classes in September, Dr. Al-
phonso R. Vick, head of the col
lege Science Department said.
Eller Hall, the old Science
Building, will be used for math
ematics and other classes.
The new Science Building will
be divided into three depart-
ment!^: first floor, physics; sec
ond iioor, biology; and the third
The first floor of the building
is composed of bathrooms; a lec
ture hall to seat 150 students; a
lobby; a general physics class
room to seat 32 students; a stock
room; and advanced physics lab
oratory to seat 16 students; of
fices for instructors; a seminar
room used for conferences be-
tw'een teachers and students or
just between the teachers; a ma-
' chine room; a dark room; a class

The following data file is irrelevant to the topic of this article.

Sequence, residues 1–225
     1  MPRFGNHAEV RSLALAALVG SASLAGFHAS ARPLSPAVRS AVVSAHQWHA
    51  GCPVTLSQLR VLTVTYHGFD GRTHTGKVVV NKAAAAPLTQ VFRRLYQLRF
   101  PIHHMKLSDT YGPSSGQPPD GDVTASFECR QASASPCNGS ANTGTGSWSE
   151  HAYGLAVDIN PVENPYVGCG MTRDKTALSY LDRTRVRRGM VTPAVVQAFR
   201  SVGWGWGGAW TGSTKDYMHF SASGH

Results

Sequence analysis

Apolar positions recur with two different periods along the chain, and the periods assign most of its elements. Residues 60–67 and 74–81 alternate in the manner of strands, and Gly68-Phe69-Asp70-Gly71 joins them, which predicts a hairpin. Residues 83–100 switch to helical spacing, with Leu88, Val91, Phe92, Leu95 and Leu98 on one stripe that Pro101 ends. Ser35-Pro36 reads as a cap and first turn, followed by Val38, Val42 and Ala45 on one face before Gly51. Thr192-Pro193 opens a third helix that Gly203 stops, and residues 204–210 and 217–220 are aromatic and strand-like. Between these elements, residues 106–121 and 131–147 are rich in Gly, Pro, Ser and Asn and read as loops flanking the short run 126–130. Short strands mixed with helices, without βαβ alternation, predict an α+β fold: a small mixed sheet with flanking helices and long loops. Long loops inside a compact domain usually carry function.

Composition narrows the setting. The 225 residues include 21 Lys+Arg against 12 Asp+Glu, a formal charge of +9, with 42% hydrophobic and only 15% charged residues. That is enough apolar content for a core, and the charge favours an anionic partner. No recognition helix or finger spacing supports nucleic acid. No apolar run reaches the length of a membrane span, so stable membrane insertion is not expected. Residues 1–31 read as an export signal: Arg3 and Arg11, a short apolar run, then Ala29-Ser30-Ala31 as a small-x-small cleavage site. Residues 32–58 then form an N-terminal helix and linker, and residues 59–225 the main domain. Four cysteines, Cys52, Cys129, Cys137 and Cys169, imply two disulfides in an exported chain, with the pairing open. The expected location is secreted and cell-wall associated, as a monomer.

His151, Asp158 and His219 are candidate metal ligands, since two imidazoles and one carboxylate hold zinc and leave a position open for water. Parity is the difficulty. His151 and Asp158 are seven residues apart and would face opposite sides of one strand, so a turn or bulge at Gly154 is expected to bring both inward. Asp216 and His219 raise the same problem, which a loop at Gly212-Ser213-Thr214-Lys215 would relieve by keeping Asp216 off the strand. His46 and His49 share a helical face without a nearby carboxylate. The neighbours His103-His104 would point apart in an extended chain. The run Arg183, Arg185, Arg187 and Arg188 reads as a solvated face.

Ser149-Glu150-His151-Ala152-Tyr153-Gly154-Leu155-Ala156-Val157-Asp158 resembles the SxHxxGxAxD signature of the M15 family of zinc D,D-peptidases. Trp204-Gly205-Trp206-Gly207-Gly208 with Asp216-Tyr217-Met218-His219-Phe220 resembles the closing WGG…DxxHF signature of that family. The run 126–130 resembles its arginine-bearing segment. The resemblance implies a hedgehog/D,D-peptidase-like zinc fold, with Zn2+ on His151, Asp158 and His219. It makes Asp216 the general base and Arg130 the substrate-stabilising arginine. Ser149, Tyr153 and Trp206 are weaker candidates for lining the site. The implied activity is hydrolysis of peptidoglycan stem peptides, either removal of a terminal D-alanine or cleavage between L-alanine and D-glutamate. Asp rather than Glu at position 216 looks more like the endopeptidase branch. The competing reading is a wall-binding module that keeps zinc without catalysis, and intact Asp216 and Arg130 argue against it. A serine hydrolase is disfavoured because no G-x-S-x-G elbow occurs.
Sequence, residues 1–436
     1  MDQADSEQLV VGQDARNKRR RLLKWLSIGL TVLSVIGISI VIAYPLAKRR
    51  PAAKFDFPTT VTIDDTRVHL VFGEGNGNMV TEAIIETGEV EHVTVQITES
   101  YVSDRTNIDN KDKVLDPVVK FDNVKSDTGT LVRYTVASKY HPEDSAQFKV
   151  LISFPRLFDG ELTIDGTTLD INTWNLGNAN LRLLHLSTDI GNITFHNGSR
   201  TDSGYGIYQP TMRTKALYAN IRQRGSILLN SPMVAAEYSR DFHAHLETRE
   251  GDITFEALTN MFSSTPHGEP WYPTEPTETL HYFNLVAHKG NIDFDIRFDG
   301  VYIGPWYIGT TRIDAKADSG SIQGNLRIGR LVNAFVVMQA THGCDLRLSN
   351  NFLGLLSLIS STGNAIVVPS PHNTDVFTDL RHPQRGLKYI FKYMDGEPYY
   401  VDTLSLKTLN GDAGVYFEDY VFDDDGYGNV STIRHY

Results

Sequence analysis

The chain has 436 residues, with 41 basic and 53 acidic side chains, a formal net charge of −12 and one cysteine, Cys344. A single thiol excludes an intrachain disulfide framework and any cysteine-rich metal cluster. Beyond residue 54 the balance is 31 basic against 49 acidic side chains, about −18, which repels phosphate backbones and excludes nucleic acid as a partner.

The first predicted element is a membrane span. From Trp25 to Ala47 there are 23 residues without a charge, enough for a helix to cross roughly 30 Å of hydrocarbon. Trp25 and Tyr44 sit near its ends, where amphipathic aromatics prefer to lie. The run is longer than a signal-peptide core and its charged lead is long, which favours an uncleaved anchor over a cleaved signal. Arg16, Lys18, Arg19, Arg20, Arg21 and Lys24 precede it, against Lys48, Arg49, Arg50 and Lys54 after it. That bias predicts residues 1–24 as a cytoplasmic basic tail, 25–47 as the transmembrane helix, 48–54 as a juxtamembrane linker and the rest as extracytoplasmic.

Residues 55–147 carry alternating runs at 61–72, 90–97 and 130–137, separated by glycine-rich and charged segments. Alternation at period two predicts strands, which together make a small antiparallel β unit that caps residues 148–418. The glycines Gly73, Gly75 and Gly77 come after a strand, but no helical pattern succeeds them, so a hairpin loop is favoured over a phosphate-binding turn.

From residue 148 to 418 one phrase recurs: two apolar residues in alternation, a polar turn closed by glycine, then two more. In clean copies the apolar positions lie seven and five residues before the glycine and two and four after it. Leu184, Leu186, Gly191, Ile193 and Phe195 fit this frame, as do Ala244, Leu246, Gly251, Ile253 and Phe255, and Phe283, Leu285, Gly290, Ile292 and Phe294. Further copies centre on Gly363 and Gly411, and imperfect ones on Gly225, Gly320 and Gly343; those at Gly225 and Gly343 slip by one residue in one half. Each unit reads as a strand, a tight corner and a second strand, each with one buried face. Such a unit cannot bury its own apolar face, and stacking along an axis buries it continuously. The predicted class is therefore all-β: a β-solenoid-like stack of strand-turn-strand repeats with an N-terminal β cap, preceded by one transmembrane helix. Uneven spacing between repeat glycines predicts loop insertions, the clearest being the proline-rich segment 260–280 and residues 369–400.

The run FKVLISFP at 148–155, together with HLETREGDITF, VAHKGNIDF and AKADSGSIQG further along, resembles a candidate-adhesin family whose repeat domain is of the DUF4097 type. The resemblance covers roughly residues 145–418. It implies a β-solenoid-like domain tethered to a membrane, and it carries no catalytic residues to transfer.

room to seat 36; and a shop area
used for preparation of teaching
The second floor includes the
upper part of the lecture hall;
two general biologj' laboratories
to seat 36 students; a stock room;
an advanced biology laboratory
for teachers and students to do
advanced study in the field of
science; a laboratory; a cold stor
age room used to preserve speci
mens; offices; a seminar room;
a classroom to seat 39 students;
storage room; a botany labora
tory to seat 16 students; an anat
omy laboratory to seat 24 stu
dents; an animal room used to
keep live insects and animals; a
display glass 'cabinet; a culture
room; and a bacteriologj' labora
tory to seat 24 students.
The third floor is composed of
two general chemistry labora
tories to seat 32 students each;
an advanced chemistry labora
tory; offices; a seminar room; a
classroom to seat 39 students;
an organic chemistry laboratory